Clay Buchholz (Jim Rogash/Getty Images)
Make no mistake about it, $13.5 million is a lot of money.
But when it comes to weighing the pros and cons of allocating that figure to Clay Buchholz for the 2017 season, it’s not difficult to see why the Red Sox have committed to paying the 32-year-old in 2017.
Usually, when talking about Buchholz the conversation begins and ends with potential. Whether it’s the optimism that he represents, or the frustration which has often times followed. But this time that’s just part of the equation.
What most likely really put the Red Sox over the edge when it came to picking up Buchholz’s option was the market.
This is by far the worse starting pitching free agent market in years. It’s pretty much Rich Hill and then everybody else. Sure, the likes of Bartolo Colon, Doug Fister and Jeremy Hellickson can all serve a purpose. But are any of those starters in the class of what Buchholz showed for the final two months of the season?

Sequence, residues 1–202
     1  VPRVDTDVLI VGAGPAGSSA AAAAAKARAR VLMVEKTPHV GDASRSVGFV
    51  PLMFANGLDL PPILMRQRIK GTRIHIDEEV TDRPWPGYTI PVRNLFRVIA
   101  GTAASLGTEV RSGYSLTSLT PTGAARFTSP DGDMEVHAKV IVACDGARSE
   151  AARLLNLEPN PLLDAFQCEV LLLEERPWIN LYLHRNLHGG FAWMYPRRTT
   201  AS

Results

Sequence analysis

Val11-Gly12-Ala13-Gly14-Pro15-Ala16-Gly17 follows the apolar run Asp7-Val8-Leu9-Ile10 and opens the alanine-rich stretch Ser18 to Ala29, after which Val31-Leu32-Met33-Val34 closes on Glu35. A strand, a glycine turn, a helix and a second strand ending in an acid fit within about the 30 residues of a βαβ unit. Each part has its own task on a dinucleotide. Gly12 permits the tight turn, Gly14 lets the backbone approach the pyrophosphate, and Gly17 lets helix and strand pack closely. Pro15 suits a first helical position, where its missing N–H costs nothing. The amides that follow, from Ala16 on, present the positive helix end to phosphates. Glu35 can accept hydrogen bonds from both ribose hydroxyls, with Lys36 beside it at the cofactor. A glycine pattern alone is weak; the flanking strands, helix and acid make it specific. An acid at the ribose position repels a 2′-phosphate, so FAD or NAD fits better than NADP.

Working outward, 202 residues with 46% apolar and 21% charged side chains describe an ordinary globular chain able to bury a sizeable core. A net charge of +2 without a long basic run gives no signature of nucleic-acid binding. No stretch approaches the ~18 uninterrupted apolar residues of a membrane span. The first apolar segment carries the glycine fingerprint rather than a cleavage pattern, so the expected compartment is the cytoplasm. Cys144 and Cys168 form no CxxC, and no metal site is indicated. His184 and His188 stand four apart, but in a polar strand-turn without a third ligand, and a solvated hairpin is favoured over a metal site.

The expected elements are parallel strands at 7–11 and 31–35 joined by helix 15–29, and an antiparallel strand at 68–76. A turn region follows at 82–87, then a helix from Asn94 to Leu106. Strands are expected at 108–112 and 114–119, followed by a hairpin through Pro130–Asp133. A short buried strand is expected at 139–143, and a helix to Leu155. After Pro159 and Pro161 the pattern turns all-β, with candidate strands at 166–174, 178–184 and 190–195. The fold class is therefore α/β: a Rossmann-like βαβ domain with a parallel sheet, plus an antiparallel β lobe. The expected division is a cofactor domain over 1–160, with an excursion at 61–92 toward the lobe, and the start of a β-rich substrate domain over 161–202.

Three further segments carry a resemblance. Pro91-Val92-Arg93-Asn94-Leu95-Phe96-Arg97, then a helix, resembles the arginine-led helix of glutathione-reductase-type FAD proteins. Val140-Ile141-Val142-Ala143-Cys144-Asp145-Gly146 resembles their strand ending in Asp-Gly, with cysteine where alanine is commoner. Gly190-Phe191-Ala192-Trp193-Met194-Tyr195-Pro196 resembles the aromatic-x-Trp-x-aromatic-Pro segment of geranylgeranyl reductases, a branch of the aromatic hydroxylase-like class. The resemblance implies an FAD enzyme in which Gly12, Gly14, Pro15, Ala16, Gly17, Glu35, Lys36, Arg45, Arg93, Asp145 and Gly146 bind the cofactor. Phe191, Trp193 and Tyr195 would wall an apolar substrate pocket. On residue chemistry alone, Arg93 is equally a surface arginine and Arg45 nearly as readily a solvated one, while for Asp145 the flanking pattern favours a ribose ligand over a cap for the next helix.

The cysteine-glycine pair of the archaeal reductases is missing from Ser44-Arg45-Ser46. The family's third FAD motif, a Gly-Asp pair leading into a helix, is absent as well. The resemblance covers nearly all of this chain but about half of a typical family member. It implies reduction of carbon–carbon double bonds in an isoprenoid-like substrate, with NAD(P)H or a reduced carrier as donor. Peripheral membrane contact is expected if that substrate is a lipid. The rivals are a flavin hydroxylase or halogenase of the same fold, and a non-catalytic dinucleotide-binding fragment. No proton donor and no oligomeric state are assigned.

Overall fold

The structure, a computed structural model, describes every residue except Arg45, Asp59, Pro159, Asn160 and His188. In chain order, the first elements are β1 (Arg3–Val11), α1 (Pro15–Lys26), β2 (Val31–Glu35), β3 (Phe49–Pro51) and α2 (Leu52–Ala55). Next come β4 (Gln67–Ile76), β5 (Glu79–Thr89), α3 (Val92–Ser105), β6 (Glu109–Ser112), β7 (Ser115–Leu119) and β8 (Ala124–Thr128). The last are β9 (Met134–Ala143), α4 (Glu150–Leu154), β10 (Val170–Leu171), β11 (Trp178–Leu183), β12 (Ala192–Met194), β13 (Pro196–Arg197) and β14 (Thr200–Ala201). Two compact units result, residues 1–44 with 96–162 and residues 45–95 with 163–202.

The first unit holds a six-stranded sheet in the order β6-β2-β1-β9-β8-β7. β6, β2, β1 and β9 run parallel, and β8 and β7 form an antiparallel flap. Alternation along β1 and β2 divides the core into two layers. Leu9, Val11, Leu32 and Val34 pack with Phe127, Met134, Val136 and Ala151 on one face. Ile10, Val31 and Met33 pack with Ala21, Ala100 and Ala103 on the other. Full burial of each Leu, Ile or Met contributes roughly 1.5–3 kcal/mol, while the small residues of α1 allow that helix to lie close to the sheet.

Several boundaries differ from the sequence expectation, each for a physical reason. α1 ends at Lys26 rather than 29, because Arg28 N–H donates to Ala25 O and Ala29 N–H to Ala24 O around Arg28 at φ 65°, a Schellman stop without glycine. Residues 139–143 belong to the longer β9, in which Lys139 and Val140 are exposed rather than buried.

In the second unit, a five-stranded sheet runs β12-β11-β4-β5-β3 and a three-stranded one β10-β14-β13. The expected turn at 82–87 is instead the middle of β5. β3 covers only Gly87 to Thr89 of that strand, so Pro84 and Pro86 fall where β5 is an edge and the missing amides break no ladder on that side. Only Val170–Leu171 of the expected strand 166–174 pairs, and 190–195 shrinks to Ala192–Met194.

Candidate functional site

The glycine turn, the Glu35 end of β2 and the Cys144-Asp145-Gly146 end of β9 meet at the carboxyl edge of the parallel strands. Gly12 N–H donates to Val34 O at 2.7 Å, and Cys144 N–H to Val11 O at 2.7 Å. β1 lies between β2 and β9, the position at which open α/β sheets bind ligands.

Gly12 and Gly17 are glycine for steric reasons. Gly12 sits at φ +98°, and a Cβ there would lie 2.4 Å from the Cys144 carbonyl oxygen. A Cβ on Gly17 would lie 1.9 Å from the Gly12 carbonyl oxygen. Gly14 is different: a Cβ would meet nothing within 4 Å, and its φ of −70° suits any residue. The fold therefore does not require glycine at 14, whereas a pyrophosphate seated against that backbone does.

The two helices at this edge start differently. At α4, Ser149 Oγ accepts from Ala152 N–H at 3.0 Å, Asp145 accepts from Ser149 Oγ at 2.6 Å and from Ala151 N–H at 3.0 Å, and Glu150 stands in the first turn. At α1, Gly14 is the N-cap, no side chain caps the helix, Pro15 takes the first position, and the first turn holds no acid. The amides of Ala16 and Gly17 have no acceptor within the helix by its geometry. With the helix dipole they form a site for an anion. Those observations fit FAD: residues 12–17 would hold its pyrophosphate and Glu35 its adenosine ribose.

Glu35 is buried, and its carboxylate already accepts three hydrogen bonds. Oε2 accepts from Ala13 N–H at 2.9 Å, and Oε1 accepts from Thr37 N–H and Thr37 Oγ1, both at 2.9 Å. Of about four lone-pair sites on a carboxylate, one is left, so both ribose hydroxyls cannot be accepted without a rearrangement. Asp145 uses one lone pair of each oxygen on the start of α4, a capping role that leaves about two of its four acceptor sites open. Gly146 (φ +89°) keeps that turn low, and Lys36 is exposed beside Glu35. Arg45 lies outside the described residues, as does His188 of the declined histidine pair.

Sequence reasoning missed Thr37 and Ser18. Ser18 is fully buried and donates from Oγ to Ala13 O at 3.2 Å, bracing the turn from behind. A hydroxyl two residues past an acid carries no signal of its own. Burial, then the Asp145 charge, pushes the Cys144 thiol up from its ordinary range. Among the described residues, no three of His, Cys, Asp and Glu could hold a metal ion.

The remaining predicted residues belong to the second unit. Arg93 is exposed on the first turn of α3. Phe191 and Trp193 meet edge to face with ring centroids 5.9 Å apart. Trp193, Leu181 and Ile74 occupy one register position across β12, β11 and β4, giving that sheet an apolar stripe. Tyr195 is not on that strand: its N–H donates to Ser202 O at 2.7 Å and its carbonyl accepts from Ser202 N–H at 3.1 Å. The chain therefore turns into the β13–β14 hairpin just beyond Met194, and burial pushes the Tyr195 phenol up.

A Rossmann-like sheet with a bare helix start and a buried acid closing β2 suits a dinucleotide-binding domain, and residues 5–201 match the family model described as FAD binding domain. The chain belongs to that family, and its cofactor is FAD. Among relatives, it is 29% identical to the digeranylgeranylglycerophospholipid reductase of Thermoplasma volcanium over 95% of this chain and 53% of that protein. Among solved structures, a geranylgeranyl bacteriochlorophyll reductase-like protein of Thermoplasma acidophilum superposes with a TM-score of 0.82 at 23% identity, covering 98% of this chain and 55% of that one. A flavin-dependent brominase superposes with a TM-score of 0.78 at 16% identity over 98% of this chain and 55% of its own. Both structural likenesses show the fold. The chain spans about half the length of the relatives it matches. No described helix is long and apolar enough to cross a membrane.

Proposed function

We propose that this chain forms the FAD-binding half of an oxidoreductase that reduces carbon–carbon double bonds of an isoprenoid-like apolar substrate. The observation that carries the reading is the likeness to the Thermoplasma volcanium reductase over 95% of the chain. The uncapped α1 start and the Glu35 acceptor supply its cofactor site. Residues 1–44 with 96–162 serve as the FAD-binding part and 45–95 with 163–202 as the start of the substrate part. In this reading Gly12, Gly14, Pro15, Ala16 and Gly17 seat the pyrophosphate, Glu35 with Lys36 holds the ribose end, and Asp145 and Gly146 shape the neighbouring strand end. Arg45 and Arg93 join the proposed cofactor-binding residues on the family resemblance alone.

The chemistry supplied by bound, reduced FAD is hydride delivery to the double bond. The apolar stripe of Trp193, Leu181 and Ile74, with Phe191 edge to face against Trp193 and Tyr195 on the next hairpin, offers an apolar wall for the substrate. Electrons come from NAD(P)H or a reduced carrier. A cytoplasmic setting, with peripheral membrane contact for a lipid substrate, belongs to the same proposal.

Unlike last year, when the Red Sox chose to hold on to Buchholz instead of Wade Miley in the Carson Smith trade, there should be some willingness from Dave Dombrowski to either move on from Buchholz in a trade, or use him as rotation protection while dealing away someone like Eduardo Rodriguez.
David Price, Rick Porcello, and Steven Wright aren’t going anywhere. But if you want to get serious about a deal involving someone like Chris Sale, then Rodriguez or Drew Pomeranz might become interesting chips that you couldn’t afford to include last offseason. Buchholz, even as your fifth starter, is a very palatable starting rotation safety valve.
And what if the Red Sox want to explore taking advantage of starting pitching landscape by dealing Buchholz?
Buchholz went 4-0 with a 2.98 ERA in his last eight regular starts, while managing a 1.93 ERA in eight relief outings. Even with the 5.91 ERA in the first half, he’s the type of pitcher who should have substantial value, potentially getting an even greater haul (because of the market) than last offseason.
If the Red Sox didn’t pick up the $13.5 million option, then you just put an enormous dent in your offseason flexibility. It just wouldn’t have made sense.
As we sit here, it would seem like this financial commitment is money well spent.